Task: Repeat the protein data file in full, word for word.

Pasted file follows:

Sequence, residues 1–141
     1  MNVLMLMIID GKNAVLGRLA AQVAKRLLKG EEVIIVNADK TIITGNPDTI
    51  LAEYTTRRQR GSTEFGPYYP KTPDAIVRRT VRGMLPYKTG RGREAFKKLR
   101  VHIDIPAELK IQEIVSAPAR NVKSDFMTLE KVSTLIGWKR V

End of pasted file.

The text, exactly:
Sequence, residues 1–141
     1  MNVLMLMIID GKNAVLGRLA AQVAKRLLKG EEVIIVNADK TIITGNPDTI
    51  LAEYTTRRQR GSTEFGPYYP KTPDAIVRRT VRGMLPYKTG RGREAFKKLR
   101  VHIDIPAELK IQEIVSAPAR NVKSDFMTLE KVSTLIGWKR V